Thanks for the replies. I had my appointment with the surgeon today and he was lovely. Is happy to do a bilateral masectomy 🙂 Wants me to see someone to discuss beforehand but said there was no point fixing the cancer if I can't live my life afterwards to the full. Was very understanding and also said that I could change my mind at any moment if I so wished. Surgery booked for the 10th November with full axillary clearance also. Phew.....x
I had a similar situation, although I didn't have cancer in my nodes and I could feel a lump. The similarity lies in the fact that when I first went with my lump, they couldn't see it on mammo, and a fine needle aspiration proved negative. I was already being monitored for BC due to family history, and I went on to have another 3 clear yearly mammos before it finally appeared on the 4th. By the time they agreed with me that there was something there, it had grown into a 3.7cm lobular cancer. My immediate response was that I wanted a double mastectomy. They managed to talk me down to a WLE, and because of the size of my cancer, I had chemo and rads. The problem then was that I had absolutely no faith in the screening programme and just couldn't move forward. After my final rads session, I broke down and the radiology nurse sat me down and listened to my predicament. She got in touch with my surgical team and I ended up having an elective double mastectomy with immediate DIEP recon last December, which was roughly 14 months after treatment. I wish that I had stuck to my guns and had the surgery before I had further treatment but I'm glad that my surgeon agreed to treat my brain as well as my cancer. My advice is to go in and be very honest about how you feel and explain how it will impact you for the rest of your life. I don't think about cancer anything like as much as I did prior to my mastectomy, and I have absolutely no regrets about having it done. You may be required to have a psychiatric consultation prior to them agreeing to surgery (seems standard practice in some NHS trusts), but if you feel this is the right option for you my advice is to stick to your guns.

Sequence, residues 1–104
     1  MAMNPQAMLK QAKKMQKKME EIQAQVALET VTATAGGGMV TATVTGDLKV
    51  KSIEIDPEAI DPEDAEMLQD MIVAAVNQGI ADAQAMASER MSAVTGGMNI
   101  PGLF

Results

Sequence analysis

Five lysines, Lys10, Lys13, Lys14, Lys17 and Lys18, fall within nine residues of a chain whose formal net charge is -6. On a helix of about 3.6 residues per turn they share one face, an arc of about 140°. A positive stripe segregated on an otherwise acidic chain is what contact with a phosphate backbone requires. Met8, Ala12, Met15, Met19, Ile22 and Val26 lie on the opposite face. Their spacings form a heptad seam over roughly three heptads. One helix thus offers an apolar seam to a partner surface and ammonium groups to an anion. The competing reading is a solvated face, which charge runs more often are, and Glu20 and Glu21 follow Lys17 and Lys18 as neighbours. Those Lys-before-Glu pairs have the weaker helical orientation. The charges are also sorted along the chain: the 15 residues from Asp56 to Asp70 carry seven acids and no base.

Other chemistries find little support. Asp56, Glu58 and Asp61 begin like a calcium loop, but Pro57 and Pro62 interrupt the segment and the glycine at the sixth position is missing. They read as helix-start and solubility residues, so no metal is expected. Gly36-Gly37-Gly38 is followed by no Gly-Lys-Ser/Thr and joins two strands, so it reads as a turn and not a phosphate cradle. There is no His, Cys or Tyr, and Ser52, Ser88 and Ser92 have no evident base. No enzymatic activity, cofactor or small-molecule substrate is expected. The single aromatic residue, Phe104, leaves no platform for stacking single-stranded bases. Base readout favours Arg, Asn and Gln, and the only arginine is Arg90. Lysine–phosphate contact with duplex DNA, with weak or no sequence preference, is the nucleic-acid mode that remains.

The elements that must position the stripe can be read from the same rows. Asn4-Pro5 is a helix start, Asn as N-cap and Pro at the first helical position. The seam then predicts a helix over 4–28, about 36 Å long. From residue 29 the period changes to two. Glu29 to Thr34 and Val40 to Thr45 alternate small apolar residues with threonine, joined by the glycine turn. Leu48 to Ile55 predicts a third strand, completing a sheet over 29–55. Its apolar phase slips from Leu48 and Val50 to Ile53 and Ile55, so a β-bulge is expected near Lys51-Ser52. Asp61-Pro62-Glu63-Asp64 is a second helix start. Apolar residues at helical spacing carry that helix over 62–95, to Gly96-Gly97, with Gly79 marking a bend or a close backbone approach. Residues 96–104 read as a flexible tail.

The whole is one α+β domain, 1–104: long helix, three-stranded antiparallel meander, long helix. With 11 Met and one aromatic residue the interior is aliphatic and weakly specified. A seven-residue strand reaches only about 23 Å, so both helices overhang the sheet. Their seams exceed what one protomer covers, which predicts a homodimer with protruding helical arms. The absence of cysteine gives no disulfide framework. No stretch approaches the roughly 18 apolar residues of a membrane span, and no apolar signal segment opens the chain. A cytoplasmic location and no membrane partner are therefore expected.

Whichever surgical procedure you choose, I wish you health and happiness for the future.
Take care, Ann X X
I am having my last neo-adjuvant chemo on friday and have my appt to see the surgeon on the 14th. I didn't find a lump in my breast - I felt a lump in my armpit which turned out t be my lymph node 😞 My doctor and consultant couldn't feel the breast lump and my mammogram was clear. It wasn't until they did an ultrasound that they found the lump. The biospy came back as grade 3 invasive carcinoma. I am 44.
It freaked me out that the first I knew of cancer was when I felt it already in my lymph node and for that reason from the start of this I felt that I would want a masectomy and that they should take both of them as I felt I can't trust my breasts anymore (if that makes sense).....
I sadi this to my consultant right at the beginning and he just smiled at me - now the appt is coming up I am starting to worry that he will argue that they want to do a lumpectomy.... I have read that there is no statistical advantage to a masectomy rather than a lumpectomy so am I wanting more invasive surgery for no reason? I just don;t think I will be able to trust any monitoring afterwards of my breasts if I keep them....
Anyone been in a similar situation?